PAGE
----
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How to win the $2000 Challenge? You have to be there to find out. | Articles

How to win the $2000 Challenge? You have to be there to find out. | Articles

What’s the recipe for winning the Grassroots Motorsports $2000 Challenge Presented by Tire Rack?”

That question, or one just like it, is posted on the GRM Forum every week or two now. But while the question’s been the same for 25 years now, I’d argue that the answer has changed drastically.

As the legend goes, the $1500 Challenge was started by the staff of GRM in 1999, when Tim, David and JG got tired of people complaining about the high cost of racing and decided to prove you could race on a budget. The Challenge was born, and because they didn’t think anybody else would show up, they each built cars themselves. Their goal? Win an autocross, drag race and concours without spending more than $1500. At the time this was an inconceivable task.

Sounds quaint, right? The world of amateur motorsports was far different 25 years ago. There was no 24 Hours of Lemons, no ChampCar, no Lucky Dog, no SCCA Track Night in America, and barely any NASA HPDE. The internet barely existed, and Sloppy Mechanics was something you’d find written on a VCR tape behind the curtain. At the time, the perception was this: If you wanted to compete in motorsports, you had to be rich.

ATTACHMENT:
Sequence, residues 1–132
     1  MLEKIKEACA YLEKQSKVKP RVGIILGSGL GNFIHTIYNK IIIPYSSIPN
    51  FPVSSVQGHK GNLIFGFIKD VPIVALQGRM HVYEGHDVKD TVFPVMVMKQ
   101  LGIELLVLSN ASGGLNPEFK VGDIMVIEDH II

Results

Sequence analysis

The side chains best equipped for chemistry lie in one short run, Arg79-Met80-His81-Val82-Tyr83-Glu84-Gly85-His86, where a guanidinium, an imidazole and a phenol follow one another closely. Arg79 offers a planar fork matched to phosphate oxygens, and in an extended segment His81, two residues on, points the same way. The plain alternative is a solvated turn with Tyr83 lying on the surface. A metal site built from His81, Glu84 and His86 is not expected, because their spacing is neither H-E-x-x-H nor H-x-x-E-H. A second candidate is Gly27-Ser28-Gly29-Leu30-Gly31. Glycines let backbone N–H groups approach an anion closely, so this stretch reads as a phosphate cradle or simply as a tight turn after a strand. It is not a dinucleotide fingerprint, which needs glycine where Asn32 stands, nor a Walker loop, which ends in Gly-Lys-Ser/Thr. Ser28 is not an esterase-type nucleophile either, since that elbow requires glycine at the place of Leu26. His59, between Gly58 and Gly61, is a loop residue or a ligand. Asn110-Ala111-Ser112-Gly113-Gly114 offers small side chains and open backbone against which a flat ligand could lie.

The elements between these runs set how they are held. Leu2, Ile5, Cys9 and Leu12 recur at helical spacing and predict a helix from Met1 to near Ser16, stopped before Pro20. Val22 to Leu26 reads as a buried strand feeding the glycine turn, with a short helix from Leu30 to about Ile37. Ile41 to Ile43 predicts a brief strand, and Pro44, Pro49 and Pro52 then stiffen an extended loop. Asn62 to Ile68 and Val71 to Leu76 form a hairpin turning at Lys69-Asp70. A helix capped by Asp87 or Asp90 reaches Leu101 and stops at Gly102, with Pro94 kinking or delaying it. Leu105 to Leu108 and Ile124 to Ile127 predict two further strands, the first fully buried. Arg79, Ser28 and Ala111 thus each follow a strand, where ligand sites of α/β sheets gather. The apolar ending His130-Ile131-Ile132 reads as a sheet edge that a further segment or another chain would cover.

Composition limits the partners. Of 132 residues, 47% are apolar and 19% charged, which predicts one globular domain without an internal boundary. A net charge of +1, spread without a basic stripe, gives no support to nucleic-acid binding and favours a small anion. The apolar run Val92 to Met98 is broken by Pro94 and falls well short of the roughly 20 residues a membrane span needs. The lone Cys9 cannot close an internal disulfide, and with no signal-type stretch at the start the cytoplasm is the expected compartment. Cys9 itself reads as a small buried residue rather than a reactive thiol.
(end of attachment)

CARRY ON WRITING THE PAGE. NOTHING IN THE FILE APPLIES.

The staff assumed they’d be alone at that first Challenge. Instead, a crowd of readers joined them, building a few dozen cars and proving an appetite for low-buck racing. After a year off to regroup, the Challenge returned in 2001 with a $500 higher budget and the now-familiar name. It’s received national attention, too, with Tire Rack now presenting the event.

Early on, the recipe was simple: Find a screaming deal on a used car with some sporting aspirations, clean it up and add some bolt-on parts, then stand on the Challenge podium. Top entries included Mike Guido’s nitrous-fueled, impeccably detailed MG midget as well as my father’s own SVO Mustang (the turbocharged, four-cylinder Fox-body), which was a mostly stock car that had the boost turned up with an aquarium valve. A turbo Dodge minivan, fielded by the now-infamous Shelby Dodge Auto Club, was also on the podium.

And from an editorial perspective, this is exactly the story the event was intended to tell: “Anybody, with a little money and a little spare time, can go racing. Even you!” The fastest quarter-mile time at that first event was a 14.122.

But racers will be racers. With no rules beyond simple safety requirements and a budget cap, Challenge competitors soon realized that an…

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